Workers unload a painting believed by some experts to be Caravaggio's 'Judith Beheading Holofernes' for its public presentation at the Drouot auction house in Paris on June 14, 2019 before it goes under the hammer on June 27 in Toulouse, the city where it was discovered five years ago. (AFP/Francois Guillot)
Art expert Eric Turquin is not only convinced that a canvas found in the attic of an old house in southwest France is a Caravaggio -- he believes it is a revolutionary masterpiece.
France's leading authority on Old Masters paintings has staked his reputation on the assertion that the work -- left forgotten under an old mattress for 100 years -- is the fiery Italian artist's lost "Judith and Holofernes".
The painting depicting a grisly biblical scene of the beautiful Jewish widow Judith beheading a sleeping Assyrian general will be displayed in Paris on Friday before it goes under the hammer on June 27 in Toulouse, the city where it was discovered five years ago.
Turquin said it should sell for between 100 and 150 million euros (up to $170 million).
"Not only is it a Caravaggio, but of all the Caravaggios that are known today, this is one of the great pictures," he insisted.
"The painting is in an extraordinarily good state, much better than the Caravaggios I have seen in Naples," he told AFP.
But although everyone agrees on the quality of the work, a minority of experts -- particularly in Italy -- have their doubts.
They believe it is a copy made by the Flemish artist Louis Finson, who worked alongside Caravaggio as he painted.
But Turquin is adamant it is the original from 1606 whose existence was first noted in letters between Italian dukes and art dealers four centuries ago.
He is more convinced than ever since the canvas was cleaned in January, a process that took three weeks. On top of X-rays, the cleaning "has shown that the painting was changed a lot as it was painted, with lots of retouching. That proves it is an original," Turquin said.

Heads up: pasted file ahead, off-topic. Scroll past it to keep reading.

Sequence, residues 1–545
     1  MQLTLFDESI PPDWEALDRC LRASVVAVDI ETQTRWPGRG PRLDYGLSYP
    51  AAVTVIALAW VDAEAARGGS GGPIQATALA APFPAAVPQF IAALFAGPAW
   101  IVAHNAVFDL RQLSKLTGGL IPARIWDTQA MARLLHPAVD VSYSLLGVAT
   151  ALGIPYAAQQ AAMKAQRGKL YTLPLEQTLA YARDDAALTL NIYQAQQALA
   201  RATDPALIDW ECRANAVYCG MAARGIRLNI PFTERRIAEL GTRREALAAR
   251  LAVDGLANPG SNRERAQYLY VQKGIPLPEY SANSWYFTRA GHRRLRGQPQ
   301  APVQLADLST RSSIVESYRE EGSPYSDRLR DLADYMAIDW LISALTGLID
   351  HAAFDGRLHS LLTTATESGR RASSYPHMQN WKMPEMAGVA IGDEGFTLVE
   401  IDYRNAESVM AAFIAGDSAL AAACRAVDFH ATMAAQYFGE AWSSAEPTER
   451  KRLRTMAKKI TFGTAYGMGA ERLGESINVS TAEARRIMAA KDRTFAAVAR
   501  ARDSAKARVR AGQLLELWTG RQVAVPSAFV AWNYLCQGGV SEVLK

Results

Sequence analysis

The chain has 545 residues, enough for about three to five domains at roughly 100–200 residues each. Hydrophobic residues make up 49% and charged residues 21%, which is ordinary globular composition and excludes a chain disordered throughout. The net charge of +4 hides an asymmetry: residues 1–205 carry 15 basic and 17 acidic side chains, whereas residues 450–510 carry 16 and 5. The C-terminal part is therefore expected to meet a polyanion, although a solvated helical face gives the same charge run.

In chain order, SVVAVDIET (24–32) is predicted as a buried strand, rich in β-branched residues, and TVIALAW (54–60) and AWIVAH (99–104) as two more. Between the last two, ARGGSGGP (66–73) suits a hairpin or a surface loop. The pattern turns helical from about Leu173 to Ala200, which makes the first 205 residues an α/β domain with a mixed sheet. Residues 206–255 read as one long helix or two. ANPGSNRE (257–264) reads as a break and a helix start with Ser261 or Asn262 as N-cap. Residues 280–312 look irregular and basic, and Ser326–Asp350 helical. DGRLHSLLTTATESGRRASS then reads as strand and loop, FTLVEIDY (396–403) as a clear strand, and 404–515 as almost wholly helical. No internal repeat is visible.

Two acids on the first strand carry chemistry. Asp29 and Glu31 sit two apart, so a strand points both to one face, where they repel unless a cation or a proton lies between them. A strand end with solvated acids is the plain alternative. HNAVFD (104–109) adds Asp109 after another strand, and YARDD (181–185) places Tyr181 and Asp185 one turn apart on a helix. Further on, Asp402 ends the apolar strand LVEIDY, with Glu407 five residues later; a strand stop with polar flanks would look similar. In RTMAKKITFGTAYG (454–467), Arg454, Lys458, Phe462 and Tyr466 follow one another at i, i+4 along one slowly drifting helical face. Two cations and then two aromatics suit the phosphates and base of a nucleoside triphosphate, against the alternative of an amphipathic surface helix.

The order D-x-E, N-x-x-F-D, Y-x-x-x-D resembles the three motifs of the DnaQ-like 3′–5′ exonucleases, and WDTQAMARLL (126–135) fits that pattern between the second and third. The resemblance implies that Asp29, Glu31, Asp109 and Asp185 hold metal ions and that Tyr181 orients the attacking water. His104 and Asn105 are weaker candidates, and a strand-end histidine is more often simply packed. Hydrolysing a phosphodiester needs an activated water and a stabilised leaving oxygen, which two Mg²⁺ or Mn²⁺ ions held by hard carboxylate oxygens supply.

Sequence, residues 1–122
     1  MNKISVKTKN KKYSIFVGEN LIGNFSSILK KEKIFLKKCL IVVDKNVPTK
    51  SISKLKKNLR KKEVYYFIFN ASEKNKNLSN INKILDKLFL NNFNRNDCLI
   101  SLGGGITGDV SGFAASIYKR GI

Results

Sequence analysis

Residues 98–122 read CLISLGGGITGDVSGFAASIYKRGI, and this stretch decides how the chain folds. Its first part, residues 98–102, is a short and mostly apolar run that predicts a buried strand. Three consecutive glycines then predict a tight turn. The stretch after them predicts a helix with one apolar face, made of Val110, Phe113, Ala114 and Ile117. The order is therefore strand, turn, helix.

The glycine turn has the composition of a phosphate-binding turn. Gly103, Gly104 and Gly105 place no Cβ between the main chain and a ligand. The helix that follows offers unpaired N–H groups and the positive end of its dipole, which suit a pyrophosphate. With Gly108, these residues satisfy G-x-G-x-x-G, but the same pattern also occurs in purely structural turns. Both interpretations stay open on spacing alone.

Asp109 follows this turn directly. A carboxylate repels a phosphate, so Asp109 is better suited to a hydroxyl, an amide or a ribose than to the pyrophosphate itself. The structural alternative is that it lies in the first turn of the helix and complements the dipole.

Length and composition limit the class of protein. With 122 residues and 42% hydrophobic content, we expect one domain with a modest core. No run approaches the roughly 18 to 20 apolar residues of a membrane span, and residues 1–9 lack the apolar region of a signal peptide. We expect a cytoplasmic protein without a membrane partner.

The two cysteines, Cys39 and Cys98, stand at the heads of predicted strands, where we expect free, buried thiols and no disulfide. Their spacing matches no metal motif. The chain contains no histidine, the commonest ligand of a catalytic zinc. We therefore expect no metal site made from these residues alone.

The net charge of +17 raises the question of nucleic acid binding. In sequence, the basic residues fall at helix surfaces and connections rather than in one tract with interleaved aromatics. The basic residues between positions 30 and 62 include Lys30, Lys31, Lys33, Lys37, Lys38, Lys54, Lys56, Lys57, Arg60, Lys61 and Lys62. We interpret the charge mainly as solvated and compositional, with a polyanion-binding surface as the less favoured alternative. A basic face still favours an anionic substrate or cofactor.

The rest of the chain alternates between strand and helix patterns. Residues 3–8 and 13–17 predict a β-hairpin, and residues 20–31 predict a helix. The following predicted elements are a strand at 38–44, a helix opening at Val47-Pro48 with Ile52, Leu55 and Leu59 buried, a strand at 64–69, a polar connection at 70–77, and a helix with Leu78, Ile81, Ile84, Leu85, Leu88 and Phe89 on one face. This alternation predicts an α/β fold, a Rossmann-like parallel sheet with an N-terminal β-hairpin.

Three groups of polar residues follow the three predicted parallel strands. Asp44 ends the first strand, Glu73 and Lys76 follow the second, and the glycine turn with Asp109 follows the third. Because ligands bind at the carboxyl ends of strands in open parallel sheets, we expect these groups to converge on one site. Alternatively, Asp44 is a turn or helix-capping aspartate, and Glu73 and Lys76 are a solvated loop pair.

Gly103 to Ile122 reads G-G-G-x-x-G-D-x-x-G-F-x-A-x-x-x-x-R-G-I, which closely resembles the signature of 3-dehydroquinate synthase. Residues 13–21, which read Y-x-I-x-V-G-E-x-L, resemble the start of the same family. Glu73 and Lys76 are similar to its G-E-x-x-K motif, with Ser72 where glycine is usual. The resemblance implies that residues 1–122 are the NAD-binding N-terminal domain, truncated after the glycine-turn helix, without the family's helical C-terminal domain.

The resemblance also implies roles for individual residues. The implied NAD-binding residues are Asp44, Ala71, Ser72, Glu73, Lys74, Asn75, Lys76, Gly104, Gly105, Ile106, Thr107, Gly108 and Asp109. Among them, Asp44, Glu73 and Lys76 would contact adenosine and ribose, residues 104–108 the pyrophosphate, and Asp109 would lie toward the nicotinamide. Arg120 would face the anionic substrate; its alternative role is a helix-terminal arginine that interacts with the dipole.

"Copyists don't make changes like that, they copy," he added.
A less virtuoso version of the scene by Finson hangs at the Palazzo Zevallos in Naples.
Standing in front of what has been called the "Toulouse Caravaggio" in a strongroom above his Paris office, Turquin showed the telltale trace of how the artist had changed his mind about which way Judith should be looking.
"After five years of reflection, no one has put up a counter-argument," said the expert, accusing the Italian doubters of "pronouncing against the painting without seeing it.
"They say it's impossible because Caravaggio painted (no more than) 65 canvases... For them the history of art is set."
Turquin said the painting marked a turning point in Caravaggio's development as an artist.
The fiercely original painter had created his first canvas on the theme, the far more formal "Judith Beheading Holofernes" in 1598, which hangs at the Palazzo Barberini in Rome.
Condemned to death
But by 1606 Caravaggio's life had changed dramatically, and he was on the run for murder. He fled to Naples after being condemned to death for stabbing a man in a street brawl in Rome.
"He was painting faster, more spontaneously and more strikingly," said Turquin, adding that the painting reflects his now darker view of life.
"In one place, he made a brushstroke nearly a metre long. He did Judith's sleeve and the lace on it in one go. He was a virtuoso with the paintbrush.
"He changed his style, painting 'risparmio' (sparingly), using the black background and painting accentuating strokes onto it. This is particularly visible on the sheet."
Other experts have speculated that Finson could have added his own touches to the canvas after Caravaggio left suddenly for Malta in 1607, where he hoped he might be safer from his enemies.
Turquin said that he kept the "Toulouse Caravaggio" in his bedroom for 16 months "while art historians, insurers and restorers came to view it.
"We wanted to wait until we were sure before coming forward" and announcing the discovery to the world in April 2016 after the Italian Caravaggio expert Nicola Spinosa also gave it his imprimatur.
The painting will be sold in Toulouse by Marc Labarbe, the provincial auctioneer who discovered it after a local family asked him to value some "old things in the attic" of a house they were clearing.
The family -- who have not been named -- believe it may have been brought to France by one of their ancestors, an officer in Napoleon's army.
The Corsican invaded the then Kingdom of Naples in 1806 and put his brother Joseph on the throne.
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